A ‘Ring of Fire’ solar eclipse is a rare phenomenon that occurs when the moon’s orbit is at its apogee: the part of its orbit farthest away from the Earth. Because the moon is so far away, it seems smaller than normal to the human eye. The result is that the moon doesn’t entirely block out our view of the sun, but leaves an “annulus,” or ring of sunlight glowing around it. Hence the term “annular” eclipse rather than a “total” eclipse.
Is This Alexander the Great’s Tomb?
Archaeologists have just discovered Greece’s largest ancient tomb. As well as attracting international media attention, the find has also had high-level political interest within Greece – the country’s prime minister, Antonis Samaras, has already visited the dig.
The tomb is located near the ancient city of Amphipolis, and archaeologists have been excavating it for the last two years. While there are still plenty of questions unanswered (who it was made for for example), enough has been uncovered to show that this will be a spectacular site. It’s built on an enormous scale, with marble decoration and frescoed walls.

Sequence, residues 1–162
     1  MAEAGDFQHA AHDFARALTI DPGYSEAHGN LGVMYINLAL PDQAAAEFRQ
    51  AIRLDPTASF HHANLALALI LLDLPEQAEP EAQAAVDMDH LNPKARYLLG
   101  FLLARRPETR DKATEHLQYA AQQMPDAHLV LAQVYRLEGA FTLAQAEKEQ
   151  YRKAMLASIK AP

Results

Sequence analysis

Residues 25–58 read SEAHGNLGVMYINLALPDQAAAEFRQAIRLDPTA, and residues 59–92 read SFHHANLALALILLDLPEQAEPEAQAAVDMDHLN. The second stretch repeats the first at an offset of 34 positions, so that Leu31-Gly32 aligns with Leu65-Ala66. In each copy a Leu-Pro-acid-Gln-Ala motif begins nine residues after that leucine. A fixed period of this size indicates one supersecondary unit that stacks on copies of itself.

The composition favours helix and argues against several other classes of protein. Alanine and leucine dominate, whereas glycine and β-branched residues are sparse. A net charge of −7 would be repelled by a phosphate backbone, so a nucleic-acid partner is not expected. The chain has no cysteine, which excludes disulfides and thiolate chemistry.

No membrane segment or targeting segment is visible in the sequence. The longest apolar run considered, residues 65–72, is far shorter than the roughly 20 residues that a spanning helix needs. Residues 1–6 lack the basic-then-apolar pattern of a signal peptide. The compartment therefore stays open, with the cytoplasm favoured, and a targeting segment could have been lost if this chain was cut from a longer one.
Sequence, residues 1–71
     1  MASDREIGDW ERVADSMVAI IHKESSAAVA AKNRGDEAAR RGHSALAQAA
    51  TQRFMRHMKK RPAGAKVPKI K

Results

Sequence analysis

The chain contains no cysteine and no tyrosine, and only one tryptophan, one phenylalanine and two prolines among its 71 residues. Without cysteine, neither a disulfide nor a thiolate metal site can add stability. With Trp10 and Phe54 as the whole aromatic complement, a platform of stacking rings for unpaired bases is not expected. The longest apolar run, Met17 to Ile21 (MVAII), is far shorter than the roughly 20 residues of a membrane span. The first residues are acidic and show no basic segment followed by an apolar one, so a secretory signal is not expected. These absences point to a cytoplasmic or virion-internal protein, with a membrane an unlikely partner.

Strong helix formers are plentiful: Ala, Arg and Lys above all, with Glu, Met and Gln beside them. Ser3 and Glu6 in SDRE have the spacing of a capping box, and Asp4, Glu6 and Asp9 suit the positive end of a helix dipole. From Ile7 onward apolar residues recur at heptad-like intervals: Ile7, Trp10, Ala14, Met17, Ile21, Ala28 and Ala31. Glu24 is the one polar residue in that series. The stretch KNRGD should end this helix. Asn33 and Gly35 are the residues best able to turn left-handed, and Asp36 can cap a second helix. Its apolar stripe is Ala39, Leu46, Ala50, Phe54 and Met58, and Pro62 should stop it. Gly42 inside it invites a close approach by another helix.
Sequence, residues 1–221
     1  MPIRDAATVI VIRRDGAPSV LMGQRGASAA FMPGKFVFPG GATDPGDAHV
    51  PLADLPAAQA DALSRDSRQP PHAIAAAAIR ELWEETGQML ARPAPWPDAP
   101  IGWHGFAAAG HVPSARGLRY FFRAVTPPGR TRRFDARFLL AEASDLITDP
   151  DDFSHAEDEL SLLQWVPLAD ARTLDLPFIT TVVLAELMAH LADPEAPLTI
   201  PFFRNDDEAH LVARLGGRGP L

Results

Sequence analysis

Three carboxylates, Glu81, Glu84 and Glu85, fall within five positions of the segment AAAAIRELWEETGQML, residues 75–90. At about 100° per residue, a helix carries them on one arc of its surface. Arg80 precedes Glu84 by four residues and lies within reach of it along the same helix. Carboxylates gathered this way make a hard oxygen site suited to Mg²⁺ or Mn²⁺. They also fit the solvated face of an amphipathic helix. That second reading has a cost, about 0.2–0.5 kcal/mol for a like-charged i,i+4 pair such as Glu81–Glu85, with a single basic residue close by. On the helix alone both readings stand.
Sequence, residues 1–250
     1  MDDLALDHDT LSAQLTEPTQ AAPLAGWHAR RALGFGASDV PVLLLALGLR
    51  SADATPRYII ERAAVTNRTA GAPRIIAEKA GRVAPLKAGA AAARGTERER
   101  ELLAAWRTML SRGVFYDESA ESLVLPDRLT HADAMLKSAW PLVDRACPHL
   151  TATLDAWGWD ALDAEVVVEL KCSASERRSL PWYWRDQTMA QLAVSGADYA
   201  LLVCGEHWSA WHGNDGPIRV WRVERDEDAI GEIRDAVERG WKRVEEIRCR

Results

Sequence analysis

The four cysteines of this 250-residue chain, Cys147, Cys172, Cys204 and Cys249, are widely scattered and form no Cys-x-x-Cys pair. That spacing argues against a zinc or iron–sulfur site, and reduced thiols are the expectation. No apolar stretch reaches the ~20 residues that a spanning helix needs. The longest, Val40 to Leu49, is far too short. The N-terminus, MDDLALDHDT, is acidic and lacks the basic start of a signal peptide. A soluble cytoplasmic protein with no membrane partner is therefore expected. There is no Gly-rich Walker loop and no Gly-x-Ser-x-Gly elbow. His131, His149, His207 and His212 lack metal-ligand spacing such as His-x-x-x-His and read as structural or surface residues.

The tomb dates to the period 325-300 BC, and so is roughly contemporaneous with the end of the reign of Alexander the Great (who died in Babylon in 323 BC). But as the archaeologists have been stressing, romantics shouldn’t get their hopes up that this is the tomb of Alexander himself, the location of which is unknown, but was probably in Egypt. However, given the size and decor, the Macedonian tomb’s owner must have been high ranking and incredibly wealthy.
Anyone who has visited the marvellous royal tombs at Vergina (ancient Aigai, the original capital of Macedonia) will already know that this region of Greece stands out for its impressive burial monuments. But in southern Greece, the famous sites that draw tourists tend to be public and religious buildings such as temples. This discrepancy points to what’s so interesting about Macedonia, and what sets it apart from other parts of Greece.